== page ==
Rhoades' attorney Deanna Mool says Clifton has not followed the correct legal procedure. "If you want to have an official removed from office, you have to file what's called an in quo warranto action, It's provided in the Illinois Code of Civil Procedure," said Mool. "It lists certain requirements that you have to follow, one being (that) no individual can sue for that unless the state's attorney and the attorney general have declined to do so. So our motion to dismiss is based on those grounds." However, clifton says he studied the situation and concludes that he didn't have to make the filing.

Mool said she will not address Clifton's residency accusations directly until they are presented in court. Rhoades herself has not returned phone calls seeking comment.

On Wednesday, a Piatt County judge removed himself from the case. A judge from Macon County will come to Monticello to hear the complaint, but no date has been set.

Categories: Government, Politics

WILL - Illinois Public Media News - October 06, 2010

Parties Expected to Pour Lots of Money Into 101st District Race

There's less than a month to go until Election Day, and one of the more contentious and expensive races is in the 101st District. Adam Brown, a 25-year-old Republican who's on the Decatur City Council, is trying to unseat four-term State Representative Bob Flider of Mount Zion. Illinois Public Media's Sean Powers reports.

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Categories: Economics, Government, Politics

AP - Illinois Public Media News - October 05, 2010

Champaign Solar Energy Developer Nets $2.5 Million Grant

A Champaign manufacturer of semiconductors for solar energy has received a more than $2 million grant.

Federal stimulus money will boost production capacity at EpiWorks, and cut down its fossil fuel consumption. The funds will also let the facility add about 30 jobs. Illinois Department of Commerce and Economic Opportunity Director Warren Ribley was at the plant Tuesday to announce the $2.5 million Green Business Development Grant. Ribley said manufacturing through green energy has been a priority for some time. He said more than $6 million set aside for East Central Illinois is primarily aimed at renewable sources, and developing companies that support them.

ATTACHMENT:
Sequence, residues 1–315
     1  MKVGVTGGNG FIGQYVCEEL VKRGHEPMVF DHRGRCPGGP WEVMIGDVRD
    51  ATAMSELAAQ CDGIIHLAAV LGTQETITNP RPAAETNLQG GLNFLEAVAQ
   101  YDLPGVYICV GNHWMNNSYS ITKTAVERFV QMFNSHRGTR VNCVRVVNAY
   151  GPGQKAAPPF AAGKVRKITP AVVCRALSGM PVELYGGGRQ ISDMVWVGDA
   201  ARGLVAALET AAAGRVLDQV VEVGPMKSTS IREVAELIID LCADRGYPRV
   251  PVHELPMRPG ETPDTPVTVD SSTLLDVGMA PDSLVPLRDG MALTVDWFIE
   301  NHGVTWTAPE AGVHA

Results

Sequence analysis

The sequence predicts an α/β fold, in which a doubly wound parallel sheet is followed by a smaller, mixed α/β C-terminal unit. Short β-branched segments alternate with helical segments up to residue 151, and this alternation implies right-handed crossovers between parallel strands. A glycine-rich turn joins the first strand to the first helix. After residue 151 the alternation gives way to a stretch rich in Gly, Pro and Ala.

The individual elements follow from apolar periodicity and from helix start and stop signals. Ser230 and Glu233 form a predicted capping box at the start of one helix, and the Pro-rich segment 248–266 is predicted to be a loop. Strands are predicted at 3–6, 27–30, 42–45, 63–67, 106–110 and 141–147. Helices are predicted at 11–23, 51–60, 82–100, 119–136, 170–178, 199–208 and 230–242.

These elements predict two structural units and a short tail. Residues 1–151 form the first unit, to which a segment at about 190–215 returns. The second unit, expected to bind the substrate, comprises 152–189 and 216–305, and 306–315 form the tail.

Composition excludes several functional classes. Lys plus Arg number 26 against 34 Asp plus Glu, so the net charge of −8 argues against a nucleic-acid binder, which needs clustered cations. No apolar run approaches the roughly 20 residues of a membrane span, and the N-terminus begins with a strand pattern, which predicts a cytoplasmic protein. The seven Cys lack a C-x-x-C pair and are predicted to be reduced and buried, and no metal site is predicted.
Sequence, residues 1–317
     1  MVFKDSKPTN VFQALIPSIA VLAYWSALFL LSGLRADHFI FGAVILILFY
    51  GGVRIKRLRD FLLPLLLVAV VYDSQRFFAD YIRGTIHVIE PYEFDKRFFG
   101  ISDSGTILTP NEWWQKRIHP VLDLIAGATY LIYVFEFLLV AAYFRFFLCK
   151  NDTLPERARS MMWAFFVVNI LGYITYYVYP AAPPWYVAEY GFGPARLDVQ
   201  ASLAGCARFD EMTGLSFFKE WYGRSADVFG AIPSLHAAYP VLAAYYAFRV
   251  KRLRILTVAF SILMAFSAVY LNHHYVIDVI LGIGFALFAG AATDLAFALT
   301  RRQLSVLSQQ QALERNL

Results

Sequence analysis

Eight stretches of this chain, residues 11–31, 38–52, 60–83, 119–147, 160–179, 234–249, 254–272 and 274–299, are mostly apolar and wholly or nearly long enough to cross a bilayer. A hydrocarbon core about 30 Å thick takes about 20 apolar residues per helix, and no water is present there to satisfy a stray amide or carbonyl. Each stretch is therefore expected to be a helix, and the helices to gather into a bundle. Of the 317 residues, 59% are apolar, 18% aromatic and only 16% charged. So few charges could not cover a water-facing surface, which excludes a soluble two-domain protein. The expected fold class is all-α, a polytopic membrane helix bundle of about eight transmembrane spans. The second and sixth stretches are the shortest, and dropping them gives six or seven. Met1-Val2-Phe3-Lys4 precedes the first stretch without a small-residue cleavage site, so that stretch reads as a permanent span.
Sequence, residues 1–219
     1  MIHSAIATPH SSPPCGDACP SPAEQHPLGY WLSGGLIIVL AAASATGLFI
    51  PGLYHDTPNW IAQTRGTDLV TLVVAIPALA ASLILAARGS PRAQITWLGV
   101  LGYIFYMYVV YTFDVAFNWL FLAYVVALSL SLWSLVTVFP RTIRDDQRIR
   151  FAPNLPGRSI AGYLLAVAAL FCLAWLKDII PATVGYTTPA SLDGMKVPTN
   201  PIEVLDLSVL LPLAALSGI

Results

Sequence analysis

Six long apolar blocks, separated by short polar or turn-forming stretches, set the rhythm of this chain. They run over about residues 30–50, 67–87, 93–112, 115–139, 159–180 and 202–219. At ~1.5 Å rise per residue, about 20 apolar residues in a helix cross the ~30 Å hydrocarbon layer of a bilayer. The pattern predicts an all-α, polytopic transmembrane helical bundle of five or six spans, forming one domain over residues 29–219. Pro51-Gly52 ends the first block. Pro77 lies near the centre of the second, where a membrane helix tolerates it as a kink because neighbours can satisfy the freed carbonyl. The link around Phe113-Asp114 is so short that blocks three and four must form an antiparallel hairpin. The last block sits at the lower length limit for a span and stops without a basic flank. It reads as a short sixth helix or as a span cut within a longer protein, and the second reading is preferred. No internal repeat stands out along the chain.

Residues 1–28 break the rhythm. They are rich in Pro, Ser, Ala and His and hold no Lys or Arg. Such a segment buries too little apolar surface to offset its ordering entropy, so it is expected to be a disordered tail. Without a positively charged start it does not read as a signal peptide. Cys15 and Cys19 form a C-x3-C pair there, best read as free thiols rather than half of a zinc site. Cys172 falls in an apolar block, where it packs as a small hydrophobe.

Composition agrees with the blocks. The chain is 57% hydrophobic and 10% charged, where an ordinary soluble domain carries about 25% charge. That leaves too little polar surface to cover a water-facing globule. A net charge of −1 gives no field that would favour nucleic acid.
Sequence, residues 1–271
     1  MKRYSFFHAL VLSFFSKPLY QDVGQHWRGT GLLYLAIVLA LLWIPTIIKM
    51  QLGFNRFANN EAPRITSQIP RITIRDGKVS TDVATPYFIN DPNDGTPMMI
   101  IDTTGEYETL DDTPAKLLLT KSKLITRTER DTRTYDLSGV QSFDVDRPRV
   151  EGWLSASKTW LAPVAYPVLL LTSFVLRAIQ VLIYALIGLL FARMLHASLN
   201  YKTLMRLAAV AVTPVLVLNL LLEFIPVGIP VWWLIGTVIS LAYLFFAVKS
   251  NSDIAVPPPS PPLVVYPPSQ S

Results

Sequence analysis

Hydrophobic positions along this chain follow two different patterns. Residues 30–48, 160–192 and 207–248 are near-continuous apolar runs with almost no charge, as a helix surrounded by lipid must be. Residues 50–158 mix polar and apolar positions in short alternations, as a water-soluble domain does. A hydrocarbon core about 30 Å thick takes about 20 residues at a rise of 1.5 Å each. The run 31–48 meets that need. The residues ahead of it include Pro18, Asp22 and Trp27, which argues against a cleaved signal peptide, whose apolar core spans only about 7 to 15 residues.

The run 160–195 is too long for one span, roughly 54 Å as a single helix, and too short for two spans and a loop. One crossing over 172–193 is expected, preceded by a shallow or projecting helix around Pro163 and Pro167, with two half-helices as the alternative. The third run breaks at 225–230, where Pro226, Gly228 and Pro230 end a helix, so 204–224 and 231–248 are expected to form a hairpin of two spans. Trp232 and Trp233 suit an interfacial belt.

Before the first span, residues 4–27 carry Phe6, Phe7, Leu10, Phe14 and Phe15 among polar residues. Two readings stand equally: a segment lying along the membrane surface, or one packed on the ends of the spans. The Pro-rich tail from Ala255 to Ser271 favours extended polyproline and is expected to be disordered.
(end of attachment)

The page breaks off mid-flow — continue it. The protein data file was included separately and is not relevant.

"We have to have a broad energy portfolio that depends on wind, solar, clean coal technology, and energy efficiency," said Ribley. "All of those things combined help reduce our dependence on foreign petroleum."

Joining Ribley Tuesday were a number of area city and school officials who have received stimulus funds to help their facilities become more energy efficient. Recipients include the cities of Tuscola and Arcola - each for building wind turbines. The Prairieview-Ogden school district is also installing a wind turbine, and Champaign's Bottenfield, Westview, and Robeson Elementary schools are getting new boilers and ventilators. Four of the grants are more than $400,000. The Arcola grant was just over $60-thousand.

During Ribley's visit to Champaign Tuesday, he also said the former Meadowbrook Farms site in Rantoul could one day soon resemble its old self. Earlier this week, Trim-Rite announced it was leasing and reopening the 2,000 acre site that closed earlier this year, and hiring 100 people when it starts operations next spring. Ribley said the newness of Trim-Rite's facilities, its size, and the state of the industry should mean more jobs soon after its spring 2011 opening.

"We are seeing a lot of interest in the food processing area, particularly in animal processing," he said. "That tells us that demand is growing, not only domestically, but internationally. So we think it's just the beginning. Illinois is a terrific workforce, it's a terrific location to move its product anywhere in the world."

Ribley added that several companies looked at the former Meadowbrook site before Trim-Rite committed to it. The company's president pledges the facility will use state-of-the-art equipment and be "the most modern hog processing facility'' in the country.

(Photo by Jeff Bossert/WILL)